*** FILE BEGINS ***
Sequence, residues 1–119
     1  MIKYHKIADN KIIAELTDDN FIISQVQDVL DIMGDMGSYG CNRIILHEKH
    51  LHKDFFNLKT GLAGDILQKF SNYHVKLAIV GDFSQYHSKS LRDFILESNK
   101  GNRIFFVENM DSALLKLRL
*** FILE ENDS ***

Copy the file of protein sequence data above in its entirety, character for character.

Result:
Sequence, residues 1–119
     1  MIKYHKIADN KIIAELTDDN FIISQVQDVL DIMGDMGSYG CNRIILHEKH
    51  LHKDFFNLKT GLAGDILQKF SNYHVKLAIV GDFSQYHSKS LRDFILESNK
   101  GNRIFFVENM DSALLKLRL